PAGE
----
Now that you know how to skim through:
It’s time to move on to cholesterol, sodium and sugars. If you missed the previous post you can read it here.
4. Cholesterol and Sodium
Well, the less cholesterol and sodium (a.k.a. salt) the better. Cholesterol is fat’s cousin and can create a lot of damage to your heart. Granted there is LDL (bad) and HDL (good) cholesterol, but food labels do not go in that much detail. If you have a known heart condition, please consult your doctor as they should be able to tell you what your personalized daily intake should be. As a quick skim, try to limit the cholesterol intake to less than 300 mg per day. Therefore. If the label indicates a cholesterol level of 150 mg, that is roughly 50% of the daily intake. My recommendation is to leave the product and look for something with 100 mg or less per serving.
Sodium is another cause for high blood pressure in some individuals. Moreover salt makes you retain water, which in turn makes you feel sluggish. The latest recommendation for adults is about 2,300 mg per day (it is even less for children). To make it easy on yourself when you buy a product if the percentage is over 20% or 450mg per serving, then you are better off not getting the product.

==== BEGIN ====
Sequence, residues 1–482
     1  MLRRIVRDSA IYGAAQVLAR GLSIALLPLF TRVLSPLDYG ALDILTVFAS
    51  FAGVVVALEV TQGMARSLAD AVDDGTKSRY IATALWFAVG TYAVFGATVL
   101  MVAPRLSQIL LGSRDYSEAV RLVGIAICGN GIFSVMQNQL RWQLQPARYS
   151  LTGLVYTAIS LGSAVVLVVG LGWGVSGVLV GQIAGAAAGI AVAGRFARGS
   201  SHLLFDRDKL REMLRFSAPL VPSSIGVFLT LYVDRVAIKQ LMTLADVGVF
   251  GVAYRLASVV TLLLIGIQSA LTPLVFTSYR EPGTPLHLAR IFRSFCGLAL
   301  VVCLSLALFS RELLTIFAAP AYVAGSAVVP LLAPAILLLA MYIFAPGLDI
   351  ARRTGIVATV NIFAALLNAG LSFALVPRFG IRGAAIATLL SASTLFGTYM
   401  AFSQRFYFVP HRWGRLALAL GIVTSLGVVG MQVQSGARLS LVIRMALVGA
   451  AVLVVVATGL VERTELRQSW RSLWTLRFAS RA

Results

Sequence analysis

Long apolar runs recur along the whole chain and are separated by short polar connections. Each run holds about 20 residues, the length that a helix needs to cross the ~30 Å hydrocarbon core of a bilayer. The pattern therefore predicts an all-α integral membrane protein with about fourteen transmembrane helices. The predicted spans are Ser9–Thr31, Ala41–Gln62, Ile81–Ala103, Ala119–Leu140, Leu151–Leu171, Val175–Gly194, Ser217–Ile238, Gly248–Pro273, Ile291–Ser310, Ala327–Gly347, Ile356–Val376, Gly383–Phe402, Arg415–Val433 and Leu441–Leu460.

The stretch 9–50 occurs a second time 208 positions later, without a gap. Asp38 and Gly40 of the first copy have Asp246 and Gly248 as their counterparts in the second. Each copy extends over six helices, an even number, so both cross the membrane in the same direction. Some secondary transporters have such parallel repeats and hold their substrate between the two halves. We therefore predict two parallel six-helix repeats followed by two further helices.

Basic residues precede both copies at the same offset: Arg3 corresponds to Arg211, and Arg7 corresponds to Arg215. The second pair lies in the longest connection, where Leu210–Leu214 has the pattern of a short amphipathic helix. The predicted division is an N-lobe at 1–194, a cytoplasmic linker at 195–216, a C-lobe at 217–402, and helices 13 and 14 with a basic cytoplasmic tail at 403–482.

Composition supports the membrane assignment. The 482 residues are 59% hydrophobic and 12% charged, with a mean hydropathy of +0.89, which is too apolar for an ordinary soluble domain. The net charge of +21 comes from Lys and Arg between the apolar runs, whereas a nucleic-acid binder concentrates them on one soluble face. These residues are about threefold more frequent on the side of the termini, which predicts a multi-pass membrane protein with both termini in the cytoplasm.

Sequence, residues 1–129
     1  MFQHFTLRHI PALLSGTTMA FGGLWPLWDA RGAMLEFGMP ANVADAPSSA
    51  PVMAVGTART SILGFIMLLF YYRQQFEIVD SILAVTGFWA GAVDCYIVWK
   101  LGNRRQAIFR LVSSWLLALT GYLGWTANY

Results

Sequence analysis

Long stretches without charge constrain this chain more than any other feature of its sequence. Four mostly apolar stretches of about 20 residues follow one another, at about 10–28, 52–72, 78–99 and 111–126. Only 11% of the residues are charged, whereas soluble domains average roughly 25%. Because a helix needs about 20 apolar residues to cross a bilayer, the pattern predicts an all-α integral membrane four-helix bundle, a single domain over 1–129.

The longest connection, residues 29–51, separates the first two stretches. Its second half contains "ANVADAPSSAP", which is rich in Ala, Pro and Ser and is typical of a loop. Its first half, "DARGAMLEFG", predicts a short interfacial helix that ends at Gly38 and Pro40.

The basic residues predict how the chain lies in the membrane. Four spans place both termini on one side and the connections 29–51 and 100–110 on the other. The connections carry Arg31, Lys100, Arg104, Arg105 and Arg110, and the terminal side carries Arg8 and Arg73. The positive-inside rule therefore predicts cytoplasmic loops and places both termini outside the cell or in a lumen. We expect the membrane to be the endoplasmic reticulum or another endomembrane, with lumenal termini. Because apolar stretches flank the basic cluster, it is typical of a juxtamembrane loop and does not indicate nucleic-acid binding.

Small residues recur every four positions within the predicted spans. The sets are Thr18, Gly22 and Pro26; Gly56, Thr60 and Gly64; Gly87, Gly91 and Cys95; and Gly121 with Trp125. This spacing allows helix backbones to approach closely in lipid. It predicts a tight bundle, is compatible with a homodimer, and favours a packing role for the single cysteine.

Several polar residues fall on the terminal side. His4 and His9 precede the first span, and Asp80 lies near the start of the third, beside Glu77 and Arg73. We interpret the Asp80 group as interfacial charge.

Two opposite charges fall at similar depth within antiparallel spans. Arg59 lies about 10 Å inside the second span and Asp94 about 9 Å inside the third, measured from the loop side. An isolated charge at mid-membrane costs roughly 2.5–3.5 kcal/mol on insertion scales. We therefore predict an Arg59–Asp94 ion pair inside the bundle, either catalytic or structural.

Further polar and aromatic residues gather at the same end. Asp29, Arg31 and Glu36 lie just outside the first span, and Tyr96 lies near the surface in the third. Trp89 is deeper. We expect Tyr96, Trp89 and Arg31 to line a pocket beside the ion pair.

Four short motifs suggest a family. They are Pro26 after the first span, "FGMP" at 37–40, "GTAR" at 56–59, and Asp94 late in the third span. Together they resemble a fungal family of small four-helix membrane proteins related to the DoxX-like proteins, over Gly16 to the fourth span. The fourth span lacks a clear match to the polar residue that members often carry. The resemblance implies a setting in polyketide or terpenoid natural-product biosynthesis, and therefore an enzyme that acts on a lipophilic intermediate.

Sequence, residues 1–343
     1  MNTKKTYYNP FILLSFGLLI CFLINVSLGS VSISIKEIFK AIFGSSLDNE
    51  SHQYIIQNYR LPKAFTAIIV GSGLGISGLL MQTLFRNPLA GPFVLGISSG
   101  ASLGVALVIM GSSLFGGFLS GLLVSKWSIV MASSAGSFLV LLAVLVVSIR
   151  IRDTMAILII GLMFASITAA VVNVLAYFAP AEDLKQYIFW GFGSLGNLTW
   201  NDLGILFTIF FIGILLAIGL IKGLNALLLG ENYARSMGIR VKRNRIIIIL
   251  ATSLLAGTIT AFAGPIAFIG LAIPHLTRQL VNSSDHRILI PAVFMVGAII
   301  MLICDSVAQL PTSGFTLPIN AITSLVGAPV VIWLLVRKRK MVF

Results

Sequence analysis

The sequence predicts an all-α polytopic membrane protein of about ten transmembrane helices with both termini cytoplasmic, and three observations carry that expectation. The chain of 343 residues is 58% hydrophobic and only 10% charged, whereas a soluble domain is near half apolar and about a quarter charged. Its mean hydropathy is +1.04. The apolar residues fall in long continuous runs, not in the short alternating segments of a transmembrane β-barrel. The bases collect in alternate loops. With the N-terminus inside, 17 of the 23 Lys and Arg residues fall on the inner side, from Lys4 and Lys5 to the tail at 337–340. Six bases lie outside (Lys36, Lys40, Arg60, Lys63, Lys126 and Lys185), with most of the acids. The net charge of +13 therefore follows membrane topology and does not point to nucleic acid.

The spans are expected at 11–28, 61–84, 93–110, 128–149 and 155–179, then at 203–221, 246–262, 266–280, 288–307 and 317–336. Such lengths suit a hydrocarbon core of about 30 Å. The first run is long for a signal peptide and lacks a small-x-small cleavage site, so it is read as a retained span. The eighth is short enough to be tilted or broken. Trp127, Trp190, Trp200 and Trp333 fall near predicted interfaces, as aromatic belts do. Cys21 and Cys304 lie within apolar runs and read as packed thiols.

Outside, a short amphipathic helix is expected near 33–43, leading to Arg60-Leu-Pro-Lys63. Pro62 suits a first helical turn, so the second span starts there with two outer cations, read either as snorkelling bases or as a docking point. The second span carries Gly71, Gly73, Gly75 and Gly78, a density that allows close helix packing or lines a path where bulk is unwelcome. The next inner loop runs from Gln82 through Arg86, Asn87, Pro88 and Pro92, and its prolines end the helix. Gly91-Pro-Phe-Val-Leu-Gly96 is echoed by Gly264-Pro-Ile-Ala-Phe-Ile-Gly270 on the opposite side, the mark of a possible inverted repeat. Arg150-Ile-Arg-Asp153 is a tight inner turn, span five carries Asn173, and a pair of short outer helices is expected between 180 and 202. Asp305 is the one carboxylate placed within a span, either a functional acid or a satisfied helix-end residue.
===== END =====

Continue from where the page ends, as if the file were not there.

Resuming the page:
5. Total Carbohydrate
This is the trickier part of reading food labels. Society is so fixated on the low carbs diet that we often get mislead by what we should and should not pay attention to. The total carbohydrate section is typically divided in fiber and sugar. As a general rule, you want the fiber content to be high and the sugar content to be low.
Moreover, it is important to know where the carbs are coming from. For instance, a product that has 3g of sugar and 1 fiber, will have a higher total carbohydrate value than another one that has 1g of sugar and 3g of fiber. Therefore, in order to keep carbs in check you want products with high fiber content. The easy way to keep track is to look at the fiber over sugar ratio: the grams of fiber should be higher or close to the grams of sugar. Also, the lower the sugar, the better.
Now it’s time to sum it all up:
What is your quick tip for reading food labels? Leave us a comment below: